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13-10-2011 | General practice | Article

Nitisinone shows promise for treatment of oculocutaneous albinism


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MedWire News: Results from a study in mice suggest that the drug nitisinone, approved for treatment of hereditary tyrosinemia type 1 (HT-1) in humans, may help protect the skin and eyes of people with a mild version of oculocutaneous albinism type 1 (OCA-1) by increasing their pigmentation level.

People with albinism are at increased risk for skin cancer and eye problems due to their lack of pigmentation.

OCA-1 is caused by mutations in the gene encoding tyrosine (TYR), which is a precursor for melanin. OCA-1A individuals lack functional TYR and therefore produce no melanin, whereas OCA-1B individuals have partially functional TYR and produce some melanin.

Brian Brooks (National Eye Institute, Bethesda, Maryland, USA) and colleagues investigated whether nitisinone, which is known to increase serum concentrations of tyrosine, could increase pigmentation in two mice models genetically modified to have a OCA-1A and OCA-1B.

As reported in the Journal of Clinical Investigation, they found that nitisinone significantly improved pigmentation in mice with the murine version of OCA-1B, but not OCA-1A.

In an extension of the mouse study the researchers also investigated the effect of nitisinone on melanocyte cells cultured from patients with OCA-1A and OCA-1B.

They found that, similar to the results of the mouse study, nitisinone improved pigmentation in cells from OCA-1B, but not OCA-1A patients.

"Nitisinone is approved by the [US] Food and Drug Administration for use in the treatment of HT-1, along with a special, protein-restricted diet," explain Brooks et al. "Recent experience with this compound in patients with a related disorder of tyrosine degradation, alkaptonuria, suggests that it can be safely administered to adults receiving a normal diet without significant systemic complications."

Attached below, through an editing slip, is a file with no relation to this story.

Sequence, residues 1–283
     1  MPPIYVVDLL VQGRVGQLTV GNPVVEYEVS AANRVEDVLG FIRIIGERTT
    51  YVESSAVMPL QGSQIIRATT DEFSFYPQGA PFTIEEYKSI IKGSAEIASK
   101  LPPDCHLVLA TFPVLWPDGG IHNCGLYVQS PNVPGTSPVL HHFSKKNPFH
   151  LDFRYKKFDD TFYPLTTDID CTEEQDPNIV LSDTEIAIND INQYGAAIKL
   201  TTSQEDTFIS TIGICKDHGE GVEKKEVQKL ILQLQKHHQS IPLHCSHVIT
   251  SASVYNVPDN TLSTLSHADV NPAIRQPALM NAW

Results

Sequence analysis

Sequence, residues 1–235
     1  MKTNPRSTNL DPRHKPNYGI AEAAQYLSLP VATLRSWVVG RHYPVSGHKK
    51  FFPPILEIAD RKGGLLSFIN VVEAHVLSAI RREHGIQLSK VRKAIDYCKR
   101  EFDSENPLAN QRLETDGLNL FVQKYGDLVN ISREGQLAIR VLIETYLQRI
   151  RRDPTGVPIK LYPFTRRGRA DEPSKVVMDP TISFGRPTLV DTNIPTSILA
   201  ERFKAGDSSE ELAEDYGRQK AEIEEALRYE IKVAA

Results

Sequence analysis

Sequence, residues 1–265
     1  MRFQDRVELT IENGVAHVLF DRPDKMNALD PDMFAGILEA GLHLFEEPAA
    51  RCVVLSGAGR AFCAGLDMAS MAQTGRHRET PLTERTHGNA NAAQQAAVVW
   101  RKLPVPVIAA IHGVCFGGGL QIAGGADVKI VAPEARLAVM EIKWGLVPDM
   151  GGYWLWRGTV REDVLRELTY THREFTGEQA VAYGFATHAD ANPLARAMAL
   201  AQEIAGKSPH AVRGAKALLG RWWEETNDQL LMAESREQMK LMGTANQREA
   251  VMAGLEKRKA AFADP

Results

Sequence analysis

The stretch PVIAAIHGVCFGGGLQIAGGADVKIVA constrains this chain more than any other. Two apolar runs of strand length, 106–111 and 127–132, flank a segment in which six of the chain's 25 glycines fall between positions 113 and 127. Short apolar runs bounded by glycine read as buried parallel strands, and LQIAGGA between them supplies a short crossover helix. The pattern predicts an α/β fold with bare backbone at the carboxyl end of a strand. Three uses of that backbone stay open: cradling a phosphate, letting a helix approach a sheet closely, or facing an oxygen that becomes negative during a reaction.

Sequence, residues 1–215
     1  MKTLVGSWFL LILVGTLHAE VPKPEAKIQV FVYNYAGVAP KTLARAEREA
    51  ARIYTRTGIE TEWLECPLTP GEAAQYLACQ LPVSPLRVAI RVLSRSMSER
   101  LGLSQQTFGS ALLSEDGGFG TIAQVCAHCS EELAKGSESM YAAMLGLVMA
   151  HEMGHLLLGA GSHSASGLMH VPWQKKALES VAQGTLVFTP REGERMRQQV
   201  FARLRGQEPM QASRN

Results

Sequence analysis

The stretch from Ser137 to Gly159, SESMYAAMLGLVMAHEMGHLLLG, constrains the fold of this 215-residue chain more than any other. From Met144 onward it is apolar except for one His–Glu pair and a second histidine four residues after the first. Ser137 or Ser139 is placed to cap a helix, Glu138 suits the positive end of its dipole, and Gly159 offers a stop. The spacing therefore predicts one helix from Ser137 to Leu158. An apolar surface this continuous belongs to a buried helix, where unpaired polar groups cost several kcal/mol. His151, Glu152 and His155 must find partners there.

They suggest: "Nitisinone may therefore provide a clinically viable means of increasing pigmentation, and potentially visual function, in patients with OCA-1B."

A pilot study to test the effects of this drug in people with OCA-1B is currently being organized, says the team.

In an accompanying commentary, Prashiela Manga and Seth Orlow (New York University School of Medicine, USA), praised the work of Brooks and colleagues, but cautioned: "Developmental defects due to lack of melanogenesis during embryogenesis are not expected to be correctable in an adult. Instead, correction would need to occur during the appropriate developmental window."

They commented: "Since OCA-1B is a recessive disorder, parental carrier status is usually unknown until a first affected child is born. It is therefore unlikely that we will be able to treat women early enough during pregnancy to affect optic tract development."

Manga and Orlow concede that it may be a viable option in second pregnancies or in pregnancies with an associated strong family history of OCA-1.

By Helen Albert

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